Data sources for identifying low-income, uninsured populations: application to public health—National Breast and Cervical Cancer Early Detection Program
Published Date:Apr 28 2015
Source:Cancer Causes Control. 26(5):699-709.
Keywords:American Community Survey
Annual Social And Economic Supplement To The Current Population Survey
Early Detection Of Cancer
Information Storage And Retrieval
Low-income And Uninsured Populations
National Breast And Cervical Cancer Early Detection Program
Patient Protection And Affordable Care Act
Small Area Health Insurance Estimates
Uterine Cervical Neoplasms
Pubmed Central ID:PMC4732875
Funding:13FED1303129/PHS HHS/United States
CC999999/Intramural CDC HHS/United States
To provide information on the sources of data for estimating low-income, uninsured populations. To recommend uses of these data sources. To demonstrate the application of these data sources in the public health field, using the National Breast and Cervical Cancer Early Detection Program as an example.
We describe U.S. Census Bureau data sources for identifying low-income, uninsured populations using two population surveys: the Annual Social and Economic Supplement to the Current Population Survey (CPS ASEC) and the American Community Survey (ACS), and using one model-based estimation program, the Small Area Health Insurance Estimates (SAHIE). We provide recommendations for use of these data sources, and we use CPS ASEC and SAHIE to estimate the percent of U.S. women eligible for the National Breast and Cervical Cancer Early Detection Program (NBCCEDP).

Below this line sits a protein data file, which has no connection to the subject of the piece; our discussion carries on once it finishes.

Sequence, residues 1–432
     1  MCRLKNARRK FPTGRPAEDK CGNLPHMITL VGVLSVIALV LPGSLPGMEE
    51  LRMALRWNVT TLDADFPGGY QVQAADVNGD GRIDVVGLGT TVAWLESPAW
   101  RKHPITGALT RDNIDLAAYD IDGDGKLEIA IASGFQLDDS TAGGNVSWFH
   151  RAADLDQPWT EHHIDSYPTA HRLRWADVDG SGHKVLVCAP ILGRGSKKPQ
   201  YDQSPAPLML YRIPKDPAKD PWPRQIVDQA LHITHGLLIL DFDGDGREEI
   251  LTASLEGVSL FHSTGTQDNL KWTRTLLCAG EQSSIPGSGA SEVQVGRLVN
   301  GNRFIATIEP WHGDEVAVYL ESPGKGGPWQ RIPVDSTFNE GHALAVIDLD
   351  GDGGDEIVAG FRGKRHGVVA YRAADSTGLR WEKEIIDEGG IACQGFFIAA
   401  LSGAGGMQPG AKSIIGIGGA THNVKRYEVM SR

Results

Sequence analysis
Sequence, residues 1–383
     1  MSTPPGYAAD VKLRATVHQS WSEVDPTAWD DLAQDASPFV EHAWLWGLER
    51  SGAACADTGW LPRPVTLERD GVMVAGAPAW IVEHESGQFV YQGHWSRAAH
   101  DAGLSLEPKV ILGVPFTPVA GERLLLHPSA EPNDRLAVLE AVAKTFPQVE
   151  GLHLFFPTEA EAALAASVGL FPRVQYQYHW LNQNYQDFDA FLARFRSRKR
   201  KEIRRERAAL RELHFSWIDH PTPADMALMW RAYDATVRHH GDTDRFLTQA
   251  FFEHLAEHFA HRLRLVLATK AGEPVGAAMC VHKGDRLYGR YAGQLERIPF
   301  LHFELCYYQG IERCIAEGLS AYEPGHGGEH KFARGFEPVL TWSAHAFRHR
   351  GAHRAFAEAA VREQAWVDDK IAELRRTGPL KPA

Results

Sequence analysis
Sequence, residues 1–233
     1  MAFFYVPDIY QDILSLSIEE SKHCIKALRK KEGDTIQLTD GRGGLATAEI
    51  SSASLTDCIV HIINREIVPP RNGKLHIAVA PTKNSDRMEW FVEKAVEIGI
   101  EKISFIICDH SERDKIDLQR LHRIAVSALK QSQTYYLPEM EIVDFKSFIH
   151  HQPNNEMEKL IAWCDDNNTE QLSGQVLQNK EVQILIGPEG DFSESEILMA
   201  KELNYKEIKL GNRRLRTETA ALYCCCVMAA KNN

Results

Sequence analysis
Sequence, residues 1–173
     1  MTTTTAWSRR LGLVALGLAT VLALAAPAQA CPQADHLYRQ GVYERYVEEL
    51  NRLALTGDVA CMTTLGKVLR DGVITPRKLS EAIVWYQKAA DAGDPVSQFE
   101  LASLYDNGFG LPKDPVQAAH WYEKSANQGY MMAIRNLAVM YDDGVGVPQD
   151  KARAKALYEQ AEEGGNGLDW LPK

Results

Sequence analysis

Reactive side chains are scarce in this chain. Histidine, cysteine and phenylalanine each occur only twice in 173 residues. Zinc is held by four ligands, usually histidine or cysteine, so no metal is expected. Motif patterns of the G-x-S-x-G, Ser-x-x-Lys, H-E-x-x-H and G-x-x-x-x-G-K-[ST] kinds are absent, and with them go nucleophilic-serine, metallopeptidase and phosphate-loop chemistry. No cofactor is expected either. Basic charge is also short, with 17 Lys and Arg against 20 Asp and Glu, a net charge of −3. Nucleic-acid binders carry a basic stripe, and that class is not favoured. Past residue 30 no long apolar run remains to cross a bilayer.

CPS ASEC, ACS, and SAHIE are produced by the U.S. Census Bureau, and they are reliable sources for estimates of the low-income, uninsured populations in the USA. Key characteristics of these three data sources were presented to highlight the strengths of each to meet the needs of various programs at national and local levels. Recommendations are made on the use of the data sources. Based on these three data sources, estimates of NBCCEDP eligibility showed substantial variation over time at the national and state levels, and across states and counties.
Publicly funded programs that are directed toward low-income, uninsured individuals require information on their eligible populations to make decisions about program policy and resource allocation, and to monitor and evaluate the effectiveness of the programs. The U.S. Census Bureau produces three data sources (CPS ASEC, ACS, and SAHIE) for these estimates. The percent of U.S. women eligible for NBCCEDP varies over time and across states and counties. The data sources for these estimates are changing in order to measure key dimensions of the Affordable Care Act (ACA) and can provide helpful information for assessing the legislation's impact.
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